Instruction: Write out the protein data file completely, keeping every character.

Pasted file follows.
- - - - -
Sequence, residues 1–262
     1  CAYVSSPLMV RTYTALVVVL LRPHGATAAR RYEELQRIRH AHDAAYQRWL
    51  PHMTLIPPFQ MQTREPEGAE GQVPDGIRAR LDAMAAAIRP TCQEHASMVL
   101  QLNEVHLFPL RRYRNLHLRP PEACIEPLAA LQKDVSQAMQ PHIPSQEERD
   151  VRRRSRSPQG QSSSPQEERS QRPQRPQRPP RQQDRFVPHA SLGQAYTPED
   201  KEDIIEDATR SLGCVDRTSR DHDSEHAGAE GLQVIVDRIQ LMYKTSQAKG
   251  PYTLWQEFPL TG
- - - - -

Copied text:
Sequence, residues 1–262
     1  CAYVSSPLMV RTYTALVVVL LRPHGATAAR RYEELQRIRH AHDAAYQRWL
    51  PHMTLIPPFQ MQTREPEGAE GQVPDGIRAR LDAMAAAIRP TCQEHASMVL
   101  QLNEVHLFPL RRYRNLHLRP PEACIEPLAA LQKDVSQAMQ PHIPSQEERD
   151  VRRRSRSPQG QSSSPQEERS QRPQRPQRPP RQQDRFVPHA SLGQAYTPED
   201  KEDIIEDATR SLGCVDRTSR DHDSEHAGAE GLQVIVDRIQ LMYKTSQAKG
   251  PYTLWQEFPL TG